Well.  To make a long story short, I have just finished scanning a book.  It is now ready to be handed off to someone else to OCR.  The book is True Christianity, by Johann Arndt, which was one of the major Lutheran devotional works of the eighteenth and nineteenth centuries, and was the first spark in what became the Pietism movement within Lutheranism.  In the eighteenth and nineteenth centuries, if a Lutheran household was going to have only two books, chances were one of them was the Bible and the other was True Christianity.  Which makes True Christianity a major work, and one that should be easily available, for scholarly research if no other reason.  And while part of the book is on Google Books, it is nowhere complete, and the Google Books version isn't that readable, as is so often the case.  So I checked an 1863 copy out of the seminary library, borrowed a scanner from a friend, and have spent the last month scanning pages while doing my homework.  And it is now finished!  Yay!  All 542 pages!
beatrice_otter: Me in red--face not shown (Default)
So, we all know that stories shape perception, right? Of both individuals and societies. There is a reason Jesus taught in parables, and a reason charities pick someone's life story to use in their advertizing for why their work should be supported, and a reason that the debate over what should be taught to schoolchildren in history class can be so heated. The way we look at ourselves and the world is determined by the way we interpret the "story" of our lives, which in turn is guided and shaped by the stories we are told about the world around us. This is why I get real tense when people dismiss what happens in shows as being "just television" or "just a movie" and try to dismiss its importance. It is not just about being PC, not by a long shot.*

This is a major problem for people of color, particularly those living in the Western world, because on those few occasions when the stories that shape their culture are used in mainstream media, they are just that--used. Shaped in ways that fit the perceptions and needs of the white people who, by and large, control the entertainment industry. Shaped in ways that are unhealthy for the people whose stories they are.

Enter the Remyth Project: )

I particularly recommend:
"Little Girl With An Inner Dragon" by [livejournal.com profile] tielan
"pirates of the caribbean" by [livejournal.com profile] bossymarmalade
"Mirrors" by the-willow
"a moses moise" by [livejournal.com profile] skywardprodigal
"I am not what you call me." by [livejournal.com profile] gabby_silang
"in the sky, there is no distinction of east and west" by [livejournal.com profile] ciderpress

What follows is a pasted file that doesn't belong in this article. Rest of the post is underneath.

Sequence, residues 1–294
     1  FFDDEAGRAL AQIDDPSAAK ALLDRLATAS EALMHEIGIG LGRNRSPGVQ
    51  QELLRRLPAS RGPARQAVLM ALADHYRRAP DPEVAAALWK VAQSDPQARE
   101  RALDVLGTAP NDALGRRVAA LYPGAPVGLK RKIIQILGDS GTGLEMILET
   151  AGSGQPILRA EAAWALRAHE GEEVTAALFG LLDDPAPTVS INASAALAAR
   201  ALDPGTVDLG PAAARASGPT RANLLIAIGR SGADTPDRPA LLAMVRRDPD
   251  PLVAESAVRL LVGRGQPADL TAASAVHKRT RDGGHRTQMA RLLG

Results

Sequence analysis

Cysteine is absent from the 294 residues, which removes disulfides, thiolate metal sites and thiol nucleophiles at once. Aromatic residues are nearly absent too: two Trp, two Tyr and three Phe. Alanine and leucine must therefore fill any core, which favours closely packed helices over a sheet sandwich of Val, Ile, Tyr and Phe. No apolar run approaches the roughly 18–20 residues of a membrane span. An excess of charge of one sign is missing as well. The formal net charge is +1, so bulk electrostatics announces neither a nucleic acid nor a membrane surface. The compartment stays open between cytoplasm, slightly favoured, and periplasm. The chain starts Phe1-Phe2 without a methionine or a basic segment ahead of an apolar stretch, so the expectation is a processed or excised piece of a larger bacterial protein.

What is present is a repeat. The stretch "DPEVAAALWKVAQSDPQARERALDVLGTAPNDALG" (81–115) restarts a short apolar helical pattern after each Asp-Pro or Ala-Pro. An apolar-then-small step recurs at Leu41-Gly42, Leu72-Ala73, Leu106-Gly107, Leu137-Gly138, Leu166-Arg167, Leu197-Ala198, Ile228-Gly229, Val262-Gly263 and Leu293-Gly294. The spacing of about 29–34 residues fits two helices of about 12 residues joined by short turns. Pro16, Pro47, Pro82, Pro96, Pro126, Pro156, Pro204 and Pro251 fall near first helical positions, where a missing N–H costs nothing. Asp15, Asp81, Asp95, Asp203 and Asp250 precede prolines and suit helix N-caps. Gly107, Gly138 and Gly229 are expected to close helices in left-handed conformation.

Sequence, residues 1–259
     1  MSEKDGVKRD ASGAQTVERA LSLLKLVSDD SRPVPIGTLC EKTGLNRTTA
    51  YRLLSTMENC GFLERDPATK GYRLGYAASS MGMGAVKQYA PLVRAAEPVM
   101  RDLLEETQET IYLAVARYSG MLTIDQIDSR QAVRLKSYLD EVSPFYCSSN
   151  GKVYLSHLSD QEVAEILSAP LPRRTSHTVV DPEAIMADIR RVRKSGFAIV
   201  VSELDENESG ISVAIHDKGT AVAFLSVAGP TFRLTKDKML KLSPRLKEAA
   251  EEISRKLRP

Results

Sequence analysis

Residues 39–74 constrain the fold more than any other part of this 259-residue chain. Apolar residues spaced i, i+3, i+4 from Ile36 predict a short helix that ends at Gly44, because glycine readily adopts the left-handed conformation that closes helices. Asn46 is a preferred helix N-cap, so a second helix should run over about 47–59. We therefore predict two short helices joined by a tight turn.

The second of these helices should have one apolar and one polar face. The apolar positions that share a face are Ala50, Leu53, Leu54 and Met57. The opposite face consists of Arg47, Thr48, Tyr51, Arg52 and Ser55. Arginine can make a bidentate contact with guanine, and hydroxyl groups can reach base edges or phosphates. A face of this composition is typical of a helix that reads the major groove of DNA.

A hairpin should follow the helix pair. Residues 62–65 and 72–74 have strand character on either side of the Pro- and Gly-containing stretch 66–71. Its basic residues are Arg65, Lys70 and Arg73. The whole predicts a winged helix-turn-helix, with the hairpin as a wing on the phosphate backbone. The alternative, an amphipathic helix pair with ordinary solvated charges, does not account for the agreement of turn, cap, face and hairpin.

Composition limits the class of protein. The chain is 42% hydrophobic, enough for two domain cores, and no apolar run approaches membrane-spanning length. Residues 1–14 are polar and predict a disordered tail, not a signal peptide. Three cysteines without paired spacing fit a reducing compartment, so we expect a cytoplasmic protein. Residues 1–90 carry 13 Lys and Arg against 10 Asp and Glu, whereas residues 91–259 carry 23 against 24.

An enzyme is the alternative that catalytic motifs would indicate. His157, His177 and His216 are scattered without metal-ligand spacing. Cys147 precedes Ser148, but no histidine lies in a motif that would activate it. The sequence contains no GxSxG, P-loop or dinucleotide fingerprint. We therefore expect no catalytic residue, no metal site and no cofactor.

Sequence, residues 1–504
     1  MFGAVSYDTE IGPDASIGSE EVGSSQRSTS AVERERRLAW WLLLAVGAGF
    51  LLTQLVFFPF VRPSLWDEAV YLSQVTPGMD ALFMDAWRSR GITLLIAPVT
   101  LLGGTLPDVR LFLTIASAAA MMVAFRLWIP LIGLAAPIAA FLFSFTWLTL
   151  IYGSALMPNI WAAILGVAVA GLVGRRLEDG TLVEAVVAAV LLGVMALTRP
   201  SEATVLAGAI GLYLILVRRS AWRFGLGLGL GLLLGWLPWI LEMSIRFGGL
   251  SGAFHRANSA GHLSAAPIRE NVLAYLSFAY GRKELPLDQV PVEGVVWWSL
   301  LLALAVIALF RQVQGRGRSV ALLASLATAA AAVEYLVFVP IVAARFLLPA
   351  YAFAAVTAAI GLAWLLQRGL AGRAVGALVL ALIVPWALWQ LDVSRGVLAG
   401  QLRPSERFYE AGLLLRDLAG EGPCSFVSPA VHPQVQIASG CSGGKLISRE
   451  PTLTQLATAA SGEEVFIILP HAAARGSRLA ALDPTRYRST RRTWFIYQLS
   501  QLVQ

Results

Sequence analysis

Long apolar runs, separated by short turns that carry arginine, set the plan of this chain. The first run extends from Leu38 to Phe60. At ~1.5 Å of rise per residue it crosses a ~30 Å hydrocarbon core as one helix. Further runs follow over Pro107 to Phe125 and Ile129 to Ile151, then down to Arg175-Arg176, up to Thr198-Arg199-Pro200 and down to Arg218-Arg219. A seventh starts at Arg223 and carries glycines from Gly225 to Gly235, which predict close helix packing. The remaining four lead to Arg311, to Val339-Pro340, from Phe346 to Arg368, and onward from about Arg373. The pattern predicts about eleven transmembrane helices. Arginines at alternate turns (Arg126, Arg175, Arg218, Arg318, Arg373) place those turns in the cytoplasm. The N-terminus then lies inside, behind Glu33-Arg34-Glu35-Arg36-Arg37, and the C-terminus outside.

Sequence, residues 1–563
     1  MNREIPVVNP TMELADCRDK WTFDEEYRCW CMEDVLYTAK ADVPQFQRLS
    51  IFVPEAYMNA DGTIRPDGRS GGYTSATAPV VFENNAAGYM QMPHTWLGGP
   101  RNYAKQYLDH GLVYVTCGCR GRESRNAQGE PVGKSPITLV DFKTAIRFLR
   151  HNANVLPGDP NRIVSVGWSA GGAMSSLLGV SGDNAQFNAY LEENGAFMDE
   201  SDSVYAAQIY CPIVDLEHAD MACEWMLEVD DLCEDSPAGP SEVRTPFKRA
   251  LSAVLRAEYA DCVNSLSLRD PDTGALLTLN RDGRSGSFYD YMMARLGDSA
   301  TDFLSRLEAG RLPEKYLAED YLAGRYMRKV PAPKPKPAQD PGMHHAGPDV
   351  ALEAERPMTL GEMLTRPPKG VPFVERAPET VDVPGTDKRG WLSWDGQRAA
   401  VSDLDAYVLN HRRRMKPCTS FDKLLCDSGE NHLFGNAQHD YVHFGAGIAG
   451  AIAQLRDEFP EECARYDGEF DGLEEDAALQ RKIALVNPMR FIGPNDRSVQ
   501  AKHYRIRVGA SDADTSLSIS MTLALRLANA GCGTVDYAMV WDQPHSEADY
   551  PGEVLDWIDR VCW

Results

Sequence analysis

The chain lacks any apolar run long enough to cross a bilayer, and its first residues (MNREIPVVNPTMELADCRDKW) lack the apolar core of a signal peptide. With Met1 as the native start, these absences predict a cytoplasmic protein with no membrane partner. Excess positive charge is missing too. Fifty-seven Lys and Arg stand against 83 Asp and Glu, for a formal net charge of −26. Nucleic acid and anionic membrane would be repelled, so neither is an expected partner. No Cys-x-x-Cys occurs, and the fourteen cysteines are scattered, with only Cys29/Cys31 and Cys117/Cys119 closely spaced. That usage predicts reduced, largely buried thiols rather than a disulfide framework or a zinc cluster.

*BTW, the protest against the casting of The Last Airbender's Asian and Inuit characters with White actors is still going strong, check out [livejournal.com profile] aang_aint_white for details about how you can help.
beatrice_otter: Me in red--face not shown (Default)
I've been recommended for Endorsement! That means that I can continue my seminary education and go on Internship next year in preparation for becoming a rostered minister in the ELCA. There wasn't much doubt that I would be recommended for Endorsement (if my candidacy committee or my professors or my CPE supervisor thought there were problems or room for doubt, they would have told me so that I could do something about it). It is still a great relief to get through it. The process is this: your academic advisor and two people from your synod's Candidacy Committee go over your transcripts, your ten-page Endorsement Essay, and your CPE final evaluation. They talk about them for about ten minutes without you, then bring you in and ask you about them and anything else they have questions about. The question-and-answer portion lasts about 45 minutes, and can include anything they think is relevant to being a pastor and/or anything that gets brought up. Then they send you out and discuss things, before bringing you back in and letting you know what they're recommending. Then they give their report to your committee as a whole, and the committee votes on it (the vote is basically a rubber stamp; I've never heard of anybody getting recommended for Endorsement who doesn't actually end up getting Endorsed). It's pretty important; without being Endorsed, basically, you can't progress any farther towards ministry.

This semester as a whole )

I preached last Sunday the 21st; here's my sermon.
Sermon for Sunday, October 21, 2007 )